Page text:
Broome said the pilot programs are working from a social and an economic standpoint, and he's hoping the Legislature will see the benefits and help fund it.
"Any time that we can keep a child out of foster care or prevent a child from lingering in foster care, that is definitely a financial savings to the taxpayer," Broome said. "But it's also a win-win because the child has less trauma, and (it's) a great way to have somebody on the front end invest time and effort with families, getting them back on the right path."
Broome said the cost of having parent representation is small compared to the cost of children staying in foster care.
"It's a small cost for a big financial win for the state," Broome said. "It's also morally the right thing to do: to try and rectify the parents' problems and reunite the children with their families."
Progress in Small Steps
Expansion is the next step, and Hancock County is rolling out its pilot program now. DeSoto and Lafayette counties have plans to follow, Broome said. Of course, funding is a core developmental problem.
"We believe that we will be able to demonstrate to the Legislature that this is a very advantageous program from an economic standpoint for the state," Broome said, adding that he hopes the state will eventually fund the program.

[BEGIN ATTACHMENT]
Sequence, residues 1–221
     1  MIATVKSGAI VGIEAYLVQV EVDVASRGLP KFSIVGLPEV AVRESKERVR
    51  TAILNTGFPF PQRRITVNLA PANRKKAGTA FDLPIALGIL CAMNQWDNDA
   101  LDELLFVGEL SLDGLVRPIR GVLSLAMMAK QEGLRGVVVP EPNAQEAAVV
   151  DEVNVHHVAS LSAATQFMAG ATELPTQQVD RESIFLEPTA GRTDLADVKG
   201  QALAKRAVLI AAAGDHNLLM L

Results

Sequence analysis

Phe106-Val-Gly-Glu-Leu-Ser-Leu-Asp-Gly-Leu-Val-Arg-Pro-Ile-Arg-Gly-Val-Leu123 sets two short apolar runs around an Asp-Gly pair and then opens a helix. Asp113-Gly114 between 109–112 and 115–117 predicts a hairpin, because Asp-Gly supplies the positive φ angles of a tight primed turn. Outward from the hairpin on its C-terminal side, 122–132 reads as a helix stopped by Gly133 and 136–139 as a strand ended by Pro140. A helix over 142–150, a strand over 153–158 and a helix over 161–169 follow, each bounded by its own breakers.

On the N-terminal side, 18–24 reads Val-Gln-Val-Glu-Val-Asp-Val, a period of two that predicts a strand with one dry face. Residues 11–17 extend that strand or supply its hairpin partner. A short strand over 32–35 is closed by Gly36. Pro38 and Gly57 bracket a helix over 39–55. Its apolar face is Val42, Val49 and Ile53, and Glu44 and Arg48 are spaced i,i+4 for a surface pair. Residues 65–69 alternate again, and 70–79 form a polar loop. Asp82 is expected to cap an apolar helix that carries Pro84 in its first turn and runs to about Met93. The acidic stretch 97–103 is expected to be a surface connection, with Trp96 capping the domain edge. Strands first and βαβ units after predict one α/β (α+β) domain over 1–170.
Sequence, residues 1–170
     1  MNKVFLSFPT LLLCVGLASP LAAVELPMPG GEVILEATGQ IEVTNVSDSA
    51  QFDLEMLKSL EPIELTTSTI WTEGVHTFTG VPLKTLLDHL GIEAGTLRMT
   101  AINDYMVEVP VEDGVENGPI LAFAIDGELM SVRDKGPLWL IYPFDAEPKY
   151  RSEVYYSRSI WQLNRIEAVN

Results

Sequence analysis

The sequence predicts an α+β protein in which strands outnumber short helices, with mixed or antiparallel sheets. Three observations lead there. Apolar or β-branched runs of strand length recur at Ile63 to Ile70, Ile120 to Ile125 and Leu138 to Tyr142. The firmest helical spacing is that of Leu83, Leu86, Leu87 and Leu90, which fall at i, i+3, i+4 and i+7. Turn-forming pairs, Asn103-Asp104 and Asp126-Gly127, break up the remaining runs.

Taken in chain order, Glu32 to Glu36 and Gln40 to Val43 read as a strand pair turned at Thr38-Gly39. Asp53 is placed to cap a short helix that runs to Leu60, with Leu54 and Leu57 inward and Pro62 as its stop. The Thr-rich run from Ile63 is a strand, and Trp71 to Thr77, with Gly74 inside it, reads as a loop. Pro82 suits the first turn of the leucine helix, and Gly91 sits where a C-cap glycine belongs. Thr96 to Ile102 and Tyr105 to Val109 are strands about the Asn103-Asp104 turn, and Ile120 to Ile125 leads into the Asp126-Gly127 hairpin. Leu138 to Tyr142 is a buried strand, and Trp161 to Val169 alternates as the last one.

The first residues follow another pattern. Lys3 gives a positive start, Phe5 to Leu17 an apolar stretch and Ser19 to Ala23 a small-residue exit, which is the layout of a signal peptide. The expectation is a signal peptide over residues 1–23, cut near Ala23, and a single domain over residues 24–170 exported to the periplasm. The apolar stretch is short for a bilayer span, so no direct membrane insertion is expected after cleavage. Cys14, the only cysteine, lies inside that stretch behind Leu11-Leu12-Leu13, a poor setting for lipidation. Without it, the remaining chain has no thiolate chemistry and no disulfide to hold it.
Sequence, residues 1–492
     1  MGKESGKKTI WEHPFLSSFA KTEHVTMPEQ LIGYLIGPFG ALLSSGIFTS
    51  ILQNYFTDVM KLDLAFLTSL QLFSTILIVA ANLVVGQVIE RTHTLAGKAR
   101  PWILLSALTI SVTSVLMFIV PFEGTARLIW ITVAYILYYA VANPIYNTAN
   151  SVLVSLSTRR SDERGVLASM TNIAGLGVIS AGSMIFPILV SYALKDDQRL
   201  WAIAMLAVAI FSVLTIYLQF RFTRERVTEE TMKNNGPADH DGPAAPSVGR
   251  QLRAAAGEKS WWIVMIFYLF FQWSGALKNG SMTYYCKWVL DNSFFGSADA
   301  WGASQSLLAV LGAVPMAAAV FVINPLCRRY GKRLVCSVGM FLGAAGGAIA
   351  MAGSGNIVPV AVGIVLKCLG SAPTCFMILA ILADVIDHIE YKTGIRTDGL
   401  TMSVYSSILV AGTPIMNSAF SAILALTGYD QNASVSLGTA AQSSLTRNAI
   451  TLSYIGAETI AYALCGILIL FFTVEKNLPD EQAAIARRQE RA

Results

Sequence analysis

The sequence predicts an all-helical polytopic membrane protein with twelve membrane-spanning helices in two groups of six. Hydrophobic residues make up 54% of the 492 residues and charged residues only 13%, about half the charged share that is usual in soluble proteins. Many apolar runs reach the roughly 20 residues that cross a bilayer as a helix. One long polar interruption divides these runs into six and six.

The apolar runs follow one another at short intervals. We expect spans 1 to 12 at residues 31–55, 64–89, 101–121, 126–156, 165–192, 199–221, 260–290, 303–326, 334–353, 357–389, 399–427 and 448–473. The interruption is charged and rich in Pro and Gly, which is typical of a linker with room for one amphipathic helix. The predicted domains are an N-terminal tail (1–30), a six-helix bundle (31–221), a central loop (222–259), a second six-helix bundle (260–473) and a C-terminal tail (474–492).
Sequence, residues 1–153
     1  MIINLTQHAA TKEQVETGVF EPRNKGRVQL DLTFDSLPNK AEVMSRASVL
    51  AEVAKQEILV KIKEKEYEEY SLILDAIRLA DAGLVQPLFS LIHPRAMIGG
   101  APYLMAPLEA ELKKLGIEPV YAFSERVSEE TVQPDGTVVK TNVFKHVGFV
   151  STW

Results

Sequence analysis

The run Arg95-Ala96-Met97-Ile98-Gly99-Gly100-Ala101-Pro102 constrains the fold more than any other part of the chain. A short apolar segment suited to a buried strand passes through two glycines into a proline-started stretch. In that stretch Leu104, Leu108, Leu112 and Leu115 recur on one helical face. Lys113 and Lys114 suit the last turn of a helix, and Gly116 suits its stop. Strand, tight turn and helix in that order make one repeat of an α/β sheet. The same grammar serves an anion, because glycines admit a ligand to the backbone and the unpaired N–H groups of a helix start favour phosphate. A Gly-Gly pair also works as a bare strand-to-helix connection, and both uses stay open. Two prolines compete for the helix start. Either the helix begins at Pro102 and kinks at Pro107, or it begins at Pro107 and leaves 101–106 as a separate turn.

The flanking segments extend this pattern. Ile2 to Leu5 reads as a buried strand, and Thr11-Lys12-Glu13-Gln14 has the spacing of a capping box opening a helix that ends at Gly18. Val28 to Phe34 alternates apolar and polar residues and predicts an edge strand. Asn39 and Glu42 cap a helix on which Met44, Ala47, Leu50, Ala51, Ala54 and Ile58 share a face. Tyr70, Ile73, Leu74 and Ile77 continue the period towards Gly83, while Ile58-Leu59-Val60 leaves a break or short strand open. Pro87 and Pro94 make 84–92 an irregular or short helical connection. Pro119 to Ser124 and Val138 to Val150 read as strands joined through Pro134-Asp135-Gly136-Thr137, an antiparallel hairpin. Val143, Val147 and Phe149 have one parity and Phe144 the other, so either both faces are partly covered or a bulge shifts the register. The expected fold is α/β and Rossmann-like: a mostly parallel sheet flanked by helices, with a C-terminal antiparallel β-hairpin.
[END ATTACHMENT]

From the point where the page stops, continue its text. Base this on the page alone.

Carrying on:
Currently, the Administrative Office of the Courts and Casey Family Programs funds Mississippi's pilot programs. It is a Seattle-based foundation that works in every state on issues of foster care with an endowment to work free of charge.
Isabel Blanco, a consultant for Casey Family Programs in Mississippi, said her organization is pleased with how strongly the judges support the program in Mississippi.
"Research shows that parent representation helps among other things to expedite permanency, meaning children returning home," Blanco said. "We are interested in the children being able to return home safely when the courts are in favor of that."
The advantage to having a designated attorney in youth court for parent representation is that reunification with families happens faster, ideally meaning a child spends less time away from home.
In the same study done on Rankin County's program, with a relatively small sample, it took about 42 days to get from the petition filing to the adjudication with Hicks' counsel while it took families with no attorney about 71 days. In other words, legal representation cut a month off of "in-limbo" time for cases in the initial phases.
From the petition filing to the case closure, however, the numbers seemed to level off, and it took a family only 20 more days or so to get a case closed without Hicks representing them.
So far, the attorneys and data agree: the program is working.